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Here’s the only way Democrats can impeach Trump

  • The Democrats are making it too easy for Republicans to quietly back Trump.
  • The GOP won't abandon Trump if that helps the Democrats.
  • The Democrats need to pipe down and let Trump hurt himself.

There's one problem with the growing drumbeat to oust President Donald Trump from office: it's being led by Democrats. And when one of our major parties is stumping for something big to happen, you can bet the other one will do all it can to stop it.

In that sense, this Democratic Party effort to oust the president is doomed for now.

We've seen this before when it comes to the unique political fortunes of Donald Trump. Even after he ran one of the nastiest primary campaigns in history against a crowded Republican field, those opponents he bashed ended up endorsing him in the general election.

Such is the way of things in American politics. As another very reluctant Trump-backer, House Speaker Paul Ryan, put it last summer: "It's a binary choice... it's either Donald Trump or Hillary Clinton." And it turned out almost every Republican hated Hillary Clinton more than they loathed Donald Trump.

It's happening again now. On Wednesday morning Ryan reminded the news media at the very beginning of a news conference that there are a lot of people who, "want to harm the president," and that "clearly, a lot of politics is being played" in these leaks concerning President Trump's meetings with former FBI Director James Comey and his dealings with Russian officials.

Getting back to the Democrats, their entire agenda can now be summed up as: Impeachment, resignation or bust. They've put all their eggs in this basket. And if they fail, a lot of their voters will clearly ask what good the current leadership is if it can't even oust a man so much of the Democratic base sees as nothing short of the devil.

So far, they're doing it wrong. Democrats appear unable to let President Trump sink himself. As they jump on every statement, they taint every one of his missteps with their own loud and angry voices. Knee jerk critics like Senate Minority Leader Chuck Schumer and DNC Chairman Tom Perez are foolishly making the issue very much about them and their party as well. That makes it that much easier for the Republicans to at least tacitly support President Trump.

"Getting back to the Democrats, their entire agenda can now be summed up as: Impeachment, resignation or bust. They've put all their eggs in this basket. "

The party-line divide is a big problem for the Democrats, because they are the minority party and have a long way to go to get enough votes in the House to begin impeachment proceedings. Another long shot idea is for a majority of the cabinet to invoke its 25th Amendment powers and remove President Trump if he is: "unable to discharge the powers and duties of his office."

Even if his all-Republican cabinet pulls that off, a two-thirds vote by Congress would still be needed to confirm the cabinet's judgment.

History is also against the Democrats at this point. They should remember that the only two presidents ever to be impeached, Andrew Johnson and Bill Clinton, were put in that position by the majority parties in Congress at the time.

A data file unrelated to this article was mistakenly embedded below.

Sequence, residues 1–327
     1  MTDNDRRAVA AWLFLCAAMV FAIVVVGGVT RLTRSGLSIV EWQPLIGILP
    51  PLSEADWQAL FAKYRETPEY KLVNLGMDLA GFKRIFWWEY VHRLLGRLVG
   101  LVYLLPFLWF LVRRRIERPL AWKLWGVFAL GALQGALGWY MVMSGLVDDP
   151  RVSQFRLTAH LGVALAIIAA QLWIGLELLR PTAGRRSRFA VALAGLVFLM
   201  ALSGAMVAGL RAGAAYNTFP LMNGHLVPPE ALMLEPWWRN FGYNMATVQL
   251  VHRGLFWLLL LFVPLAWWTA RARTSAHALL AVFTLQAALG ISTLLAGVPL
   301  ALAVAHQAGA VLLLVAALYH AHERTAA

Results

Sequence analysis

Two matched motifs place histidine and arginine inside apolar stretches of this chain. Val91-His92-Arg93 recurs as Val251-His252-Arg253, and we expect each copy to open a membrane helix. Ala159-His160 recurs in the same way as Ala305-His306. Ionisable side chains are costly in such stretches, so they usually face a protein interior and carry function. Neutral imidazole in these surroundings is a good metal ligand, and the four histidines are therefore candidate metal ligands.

Republican President Richard Nixon was not impeached, but resigned before his inevitable impeachment in heavily Democratic Party-dominated Congress. In the Clinton story, it should be noted that even a Republican majority Senate failed to convict and remove him from office in 1999.

What the Democrats do have in their favor are a number of GOP Senators like John McCain and Bob Corker who seem to be leaning in the direction of a more robust investigation of the Trump administration's behavior.

But the Democrats' calls for either a special prosecutor or an independent counsel to probe the White House further are being sold the wrong way, with innuendo about larger conspiracies than even a Trump foe like McCain could support.

As we learned during the Clinton scandal, Independent Counsel Kenneth Starr simply went on a four-year-long fishing expedition that started with an Arkansas land deal and finally struck gold with the Monica Lewinsky affair.

Republicans are not going to support that kind of sustained witch hunt. Democrats ought to realize that their doomsday rhetoric about Donald Trump hasn't changed since the election, making every subsequent repetition of those words that much more worthless. In fact, many leading liberals and Democrats were calling for impeachment even before President Trump took office.

Instead of running for the cameras and microphones every time an unfavorable news report about President Trump hits the airwaves, Democrats should be hitting the phones and calling a few leading Republicans to work out some way they can band together to call for a comprehensive formal investigation.

And they must do so in a way that will allow establishment Republicans to save face and not look like traitors. Until they do that, Democrats are making it all too easy for the potential Trump scandals to stray from any kind of fact-finding exercise and lapse into a binary partisan feud President Trump has an excellent chance of winning... again.

Commentary by Jake Novak, CNBC.com senior columnist. Follow him on Twitter @jakejakeny.

For more insight from CNBC contributors, follow @CNBCopinion on Twitter.